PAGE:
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The plants bloom sometime in spring; The flowers are followed by interesting seed pods. The soft, billowy foliage of blue star allows it to fit in almost anywhere. It pairs especially well with larger leaved plants, like peonies and hosta. A classic favorite combination is blue star paired with the seed heads of oat grass. soft blue, star-shaped flowers. The individual flowers are small, but they bloom in fluffy clusters and put on a lovely show for several weeks. Blue star flowers are one of the truest blues you will find in flower colors.
Selected by the American Horticultural Society as one of the 75 Great Plants for American Gardens, Amsonia tabernaemontana (Blue Star) is an exceptional perennial with early-season blue flowers, attractive summer foliage, a sturdy habit and golden fall color. Amsonia tabernaemontana features clusters of delicate, pale blue, star-shaped flowers borne on erect, sturdy, leafy stems in late spring - early summer. the flowers attract long-tongued insects such as carpenter bees, hummingbird moths, and butterflies. Ruby-throated hummingbirds are also attracted to the nectar. The blossoms rise above a graceful, willow-shaped, upright foliage that pleasantly colors up in the fall. This beauty is also low maintenance, disease and insect resistant, making this eastern U.S. native a first-rate garden plant. Eastern bluestar is a robust herbaceous native perennial native to the Midwest. Multiple single stems emerging from a basal crown often branch near the top to form a dense, shrubby plant that grows to 3½ feet tall and 2 feet wide. Lance-shaped leaves of a rich medium green are whorled up long stems that terminate in compact panicles of striking ¾-inch, bright blue star-shaped flowers that offer up a showy display from late spring through early summer. Narrow beanlike pods will often form after flowering and can offer additional late-season interest. Autumn’s cool weather brings a sunny yellow foliage display from eastern bluestar; the rich brown color of the primary veins contrasts nicely with the golden willowlike leaves.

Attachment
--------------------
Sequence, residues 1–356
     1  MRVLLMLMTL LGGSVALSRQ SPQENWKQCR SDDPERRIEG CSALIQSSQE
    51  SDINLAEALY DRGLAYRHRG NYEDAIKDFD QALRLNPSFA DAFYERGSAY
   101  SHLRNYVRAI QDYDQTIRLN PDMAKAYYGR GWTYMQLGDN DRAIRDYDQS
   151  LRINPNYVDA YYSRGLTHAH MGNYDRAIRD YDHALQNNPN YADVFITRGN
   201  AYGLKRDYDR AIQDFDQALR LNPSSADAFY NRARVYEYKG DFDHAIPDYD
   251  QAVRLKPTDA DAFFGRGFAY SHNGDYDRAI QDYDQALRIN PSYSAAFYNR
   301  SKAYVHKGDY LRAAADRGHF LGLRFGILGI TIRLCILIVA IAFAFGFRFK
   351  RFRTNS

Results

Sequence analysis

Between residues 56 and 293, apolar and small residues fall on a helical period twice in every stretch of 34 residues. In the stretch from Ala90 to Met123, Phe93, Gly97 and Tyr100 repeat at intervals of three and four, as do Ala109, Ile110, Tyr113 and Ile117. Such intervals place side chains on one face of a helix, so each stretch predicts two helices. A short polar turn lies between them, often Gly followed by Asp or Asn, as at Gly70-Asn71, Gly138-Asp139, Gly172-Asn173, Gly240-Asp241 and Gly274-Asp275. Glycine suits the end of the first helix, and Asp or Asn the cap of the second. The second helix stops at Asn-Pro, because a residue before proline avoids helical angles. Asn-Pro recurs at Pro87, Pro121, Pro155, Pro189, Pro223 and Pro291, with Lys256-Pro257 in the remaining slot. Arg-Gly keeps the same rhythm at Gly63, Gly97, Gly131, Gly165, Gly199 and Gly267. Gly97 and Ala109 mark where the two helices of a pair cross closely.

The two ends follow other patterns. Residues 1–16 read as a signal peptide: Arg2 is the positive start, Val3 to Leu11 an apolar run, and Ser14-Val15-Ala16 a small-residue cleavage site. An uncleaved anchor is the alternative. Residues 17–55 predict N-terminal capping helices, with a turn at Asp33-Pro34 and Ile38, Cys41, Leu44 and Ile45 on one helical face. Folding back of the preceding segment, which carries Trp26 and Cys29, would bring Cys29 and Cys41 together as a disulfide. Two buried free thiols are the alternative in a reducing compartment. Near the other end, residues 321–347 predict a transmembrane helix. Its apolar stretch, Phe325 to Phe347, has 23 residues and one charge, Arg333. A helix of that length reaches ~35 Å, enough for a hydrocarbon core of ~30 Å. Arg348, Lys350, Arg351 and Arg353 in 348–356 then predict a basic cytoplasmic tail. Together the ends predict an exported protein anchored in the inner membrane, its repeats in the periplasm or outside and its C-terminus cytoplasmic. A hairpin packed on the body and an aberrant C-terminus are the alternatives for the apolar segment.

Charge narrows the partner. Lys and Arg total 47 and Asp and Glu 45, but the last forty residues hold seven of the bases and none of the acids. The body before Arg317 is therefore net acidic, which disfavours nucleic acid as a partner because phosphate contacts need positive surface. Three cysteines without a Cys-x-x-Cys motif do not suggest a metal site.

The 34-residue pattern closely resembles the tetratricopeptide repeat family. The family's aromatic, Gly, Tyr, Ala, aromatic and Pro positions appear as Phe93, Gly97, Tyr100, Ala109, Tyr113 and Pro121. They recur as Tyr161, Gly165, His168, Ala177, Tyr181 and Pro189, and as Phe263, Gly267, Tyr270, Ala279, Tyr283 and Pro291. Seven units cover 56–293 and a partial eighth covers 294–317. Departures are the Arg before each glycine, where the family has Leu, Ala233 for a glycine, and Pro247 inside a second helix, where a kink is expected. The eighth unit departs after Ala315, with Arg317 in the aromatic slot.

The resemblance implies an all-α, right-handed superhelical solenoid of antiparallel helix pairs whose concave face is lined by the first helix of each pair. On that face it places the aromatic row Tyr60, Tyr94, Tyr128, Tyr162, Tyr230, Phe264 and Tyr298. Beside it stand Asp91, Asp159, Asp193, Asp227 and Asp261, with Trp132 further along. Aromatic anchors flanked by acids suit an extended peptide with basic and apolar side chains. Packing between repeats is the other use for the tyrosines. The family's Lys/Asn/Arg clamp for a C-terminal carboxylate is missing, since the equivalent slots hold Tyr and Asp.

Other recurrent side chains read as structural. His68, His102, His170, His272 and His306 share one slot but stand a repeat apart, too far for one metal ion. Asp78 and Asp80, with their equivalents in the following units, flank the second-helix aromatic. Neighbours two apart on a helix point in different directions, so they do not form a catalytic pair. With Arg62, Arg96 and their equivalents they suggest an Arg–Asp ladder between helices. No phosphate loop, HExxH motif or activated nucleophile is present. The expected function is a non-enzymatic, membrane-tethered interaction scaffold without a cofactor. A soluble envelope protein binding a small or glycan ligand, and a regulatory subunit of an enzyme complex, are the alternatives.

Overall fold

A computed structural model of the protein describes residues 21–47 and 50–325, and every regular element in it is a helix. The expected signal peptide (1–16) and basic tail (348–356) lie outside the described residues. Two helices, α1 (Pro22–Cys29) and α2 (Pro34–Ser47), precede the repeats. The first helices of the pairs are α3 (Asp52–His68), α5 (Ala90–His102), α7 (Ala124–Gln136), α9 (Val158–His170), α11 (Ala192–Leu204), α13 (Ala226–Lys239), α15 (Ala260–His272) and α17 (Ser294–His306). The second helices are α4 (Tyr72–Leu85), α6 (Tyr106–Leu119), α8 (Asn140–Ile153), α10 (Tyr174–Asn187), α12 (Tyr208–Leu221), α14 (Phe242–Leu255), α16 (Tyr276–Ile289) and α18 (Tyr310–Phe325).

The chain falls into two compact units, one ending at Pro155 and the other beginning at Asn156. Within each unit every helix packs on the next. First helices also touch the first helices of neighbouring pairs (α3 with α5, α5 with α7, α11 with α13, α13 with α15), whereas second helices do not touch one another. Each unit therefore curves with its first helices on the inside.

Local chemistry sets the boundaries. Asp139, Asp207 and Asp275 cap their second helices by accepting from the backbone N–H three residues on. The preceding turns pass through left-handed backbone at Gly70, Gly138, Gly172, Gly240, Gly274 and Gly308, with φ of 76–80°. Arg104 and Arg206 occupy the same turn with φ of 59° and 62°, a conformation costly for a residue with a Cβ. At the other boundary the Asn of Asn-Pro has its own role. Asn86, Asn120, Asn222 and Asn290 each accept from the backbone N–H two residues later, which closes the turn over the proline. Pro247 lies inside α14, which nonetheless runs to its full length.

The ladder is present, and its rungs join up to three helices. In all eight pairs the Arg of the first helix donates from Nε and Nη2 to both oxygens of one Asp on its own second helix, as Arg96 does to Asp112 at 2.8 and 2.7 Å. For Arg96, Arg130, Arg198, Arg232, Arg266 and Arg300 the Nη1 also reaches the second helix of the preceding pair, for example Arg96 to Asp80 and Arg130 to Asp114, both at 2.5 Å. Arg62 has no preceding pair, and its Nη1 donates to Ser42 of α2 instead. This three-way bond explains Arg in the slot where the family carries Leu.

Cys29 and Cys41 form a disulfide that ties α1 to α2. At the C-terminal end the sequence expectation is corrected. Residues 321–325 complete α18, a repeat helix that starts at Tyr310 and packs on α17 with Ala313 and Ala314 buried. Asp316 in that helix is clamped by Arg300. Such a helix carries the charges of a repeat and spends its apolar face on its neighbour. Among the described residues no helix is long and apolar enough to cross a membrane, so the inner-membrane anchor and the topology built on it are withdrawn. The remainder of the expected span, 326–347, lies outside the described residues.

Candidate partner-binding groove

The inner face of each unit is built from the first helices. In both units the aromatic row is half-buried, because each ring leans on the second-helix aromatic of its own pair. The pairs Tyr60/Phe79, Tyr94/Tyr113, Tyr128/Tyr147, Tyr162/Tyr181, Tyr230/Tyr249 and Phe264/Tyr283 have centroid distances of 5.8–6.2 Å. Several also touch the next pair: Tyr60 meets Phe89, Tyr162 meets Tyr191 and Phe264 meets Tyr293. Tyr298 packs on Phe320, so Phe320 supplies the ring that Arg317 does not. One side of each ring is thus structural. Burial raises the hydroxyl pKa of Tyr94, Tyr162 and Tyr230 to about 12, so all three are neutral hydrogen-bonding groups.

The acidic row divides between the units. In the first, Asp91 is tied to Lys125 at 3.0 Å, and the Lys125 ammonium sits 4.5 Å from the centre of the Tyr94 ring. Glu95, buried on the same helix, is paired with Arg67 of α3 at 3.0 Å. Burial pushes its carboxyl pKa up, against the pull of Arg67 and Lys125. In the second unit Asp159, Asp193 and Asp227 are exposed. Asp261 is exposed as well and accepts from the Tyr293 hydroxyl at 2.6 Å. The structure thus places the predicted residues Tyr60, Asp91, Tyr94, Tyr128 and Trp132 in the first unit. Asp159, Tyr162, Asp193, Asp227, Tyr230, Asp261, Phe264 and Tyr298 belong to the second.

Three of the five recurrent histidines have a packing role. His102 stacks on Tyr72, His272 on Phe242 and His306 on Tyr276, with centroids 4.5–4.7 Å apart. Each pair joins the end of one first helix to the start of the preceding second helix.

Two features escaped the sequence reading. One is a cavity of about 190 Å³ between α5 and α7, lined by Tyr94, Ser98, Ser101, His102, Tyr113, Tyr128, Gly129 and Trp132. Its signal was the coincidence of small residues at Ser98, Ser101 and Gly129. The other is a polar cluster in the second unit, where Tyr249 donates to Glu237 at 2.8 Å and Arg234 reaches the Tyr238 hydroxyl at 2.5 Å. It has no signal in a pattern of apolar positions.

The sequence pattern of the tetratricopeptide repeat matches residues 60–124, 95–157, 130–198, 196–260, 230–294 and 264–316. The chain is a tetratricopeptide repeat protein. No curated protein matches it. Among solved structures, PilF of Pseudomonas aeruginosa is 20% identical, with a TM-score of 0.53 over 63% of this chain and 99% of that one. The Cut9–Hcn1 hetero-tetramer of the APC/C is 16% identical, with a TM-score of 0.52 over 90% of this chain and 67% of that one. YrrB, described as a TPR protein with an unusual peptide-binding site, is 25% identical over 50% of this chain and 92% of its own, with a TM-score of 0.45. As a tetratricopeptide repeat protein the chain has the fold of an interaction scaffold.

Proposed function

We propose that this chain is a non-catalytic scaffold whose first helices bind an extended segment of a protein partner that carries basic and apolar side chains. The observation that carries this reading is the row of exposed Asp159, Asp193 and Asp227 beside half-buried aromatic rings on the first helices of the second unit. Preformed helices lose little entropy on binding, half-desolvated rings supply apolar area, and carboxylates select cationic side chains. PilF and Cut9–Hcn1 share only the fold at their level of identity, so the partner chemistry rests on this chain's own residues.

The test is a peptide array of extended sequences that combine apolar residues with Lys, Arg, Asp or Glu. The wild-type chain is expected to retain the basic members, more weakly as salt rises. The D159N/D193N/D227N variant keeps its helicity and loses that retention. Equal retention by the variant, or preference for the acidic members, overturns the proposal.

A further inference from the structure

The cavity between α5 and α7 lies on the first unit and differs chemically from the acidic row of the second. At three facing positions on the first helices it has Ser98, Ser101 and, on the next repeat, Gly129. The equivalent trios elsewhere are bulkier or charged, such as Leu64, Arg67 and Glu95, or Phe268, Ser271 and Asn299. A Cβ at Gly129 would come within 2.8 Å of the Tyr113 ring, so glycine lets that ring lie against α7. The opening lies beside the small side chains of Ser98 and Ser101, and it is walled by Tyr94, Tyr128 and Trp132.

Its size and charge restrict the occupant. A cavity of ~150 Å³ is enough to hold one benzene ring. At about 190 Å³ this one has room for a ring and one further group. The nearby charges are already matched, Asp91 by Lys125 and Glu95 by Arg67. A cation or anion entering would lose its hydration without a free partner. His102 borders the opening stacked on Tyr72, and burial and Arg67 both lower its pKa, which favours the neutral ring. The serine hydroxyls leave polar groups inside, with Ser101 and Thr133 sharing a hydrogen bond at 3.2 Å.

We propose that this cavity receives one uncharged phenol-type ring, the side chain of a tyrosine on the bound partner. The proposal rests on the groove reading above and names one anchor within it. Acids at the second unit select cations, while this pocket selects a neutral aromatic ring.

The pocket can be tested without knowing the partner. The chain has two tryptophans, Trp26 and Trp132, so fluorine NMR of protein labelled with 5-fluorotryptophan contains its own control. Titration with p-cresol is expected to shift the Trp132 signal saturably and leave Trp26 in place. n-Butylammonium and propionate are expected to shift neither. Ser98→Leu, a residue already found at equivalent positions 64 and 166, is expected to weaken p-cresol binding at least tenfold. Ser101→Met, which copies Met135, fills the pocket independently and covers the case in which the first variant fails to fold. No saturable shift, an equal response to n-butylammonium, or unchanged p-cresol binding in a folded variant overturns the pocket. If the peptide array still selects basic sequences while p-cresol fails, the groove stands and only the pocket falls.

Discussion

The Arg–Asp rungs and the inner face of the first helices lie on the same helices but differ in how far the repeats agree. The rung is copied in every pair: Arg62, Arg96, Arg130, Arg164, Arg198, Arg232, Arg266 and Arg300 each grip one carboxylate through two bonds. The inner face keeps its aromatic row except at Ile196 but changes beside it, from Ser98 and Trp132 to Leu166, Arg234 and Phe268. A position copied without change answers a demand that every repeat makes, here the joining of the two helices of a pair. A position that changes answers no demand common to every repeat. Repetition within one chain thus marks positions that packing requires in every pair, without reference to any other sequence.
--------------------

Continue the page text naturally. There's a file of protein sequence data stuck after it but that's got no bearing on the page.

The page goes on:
Purchased this as a bare-root plant via a favorite on-line grower in Iowa last winter. It was shipped in late April 2020 and planted immediately. Within a few weeks the plant had become robust and was setting a few buds. Those buds became lovely blue star-shaped blossoms in my landscape, which added an unusual and attractive visual interest. These Amsonia (aka Star Struck) require little care, yet have an outstanding presence with the foliage the entire growing season. After the first heavy frost I simply cut them back close to the ground. I did mulch the first year, but do not plan to do so unless necessary for water retention.There are several species of Amsonia, all herbaceous perennials in the dogbane family (Apocynaceae), grown as garden ornamentals with the common name of called bluestar (including A. hubrectii). A. tabernamontana – with various common names including willowleaf bluestar, willow amsonia, blue dogbane, blue star-willow, eastern bluestar, and woodland bluestar – is native to the southeastern US, from Texas to Florida and up to southern Missouri and Illinois to southern New York. Found naturally in open woods, borders of streams, limestone glades, and moist sandy meadows, this long-lived plant is hardy in zones 3 to 9. It was chosen by the American Horticultural Society as one of the 75 Great Plants for American Gardens. (Source: hort.extension.wisc.edu)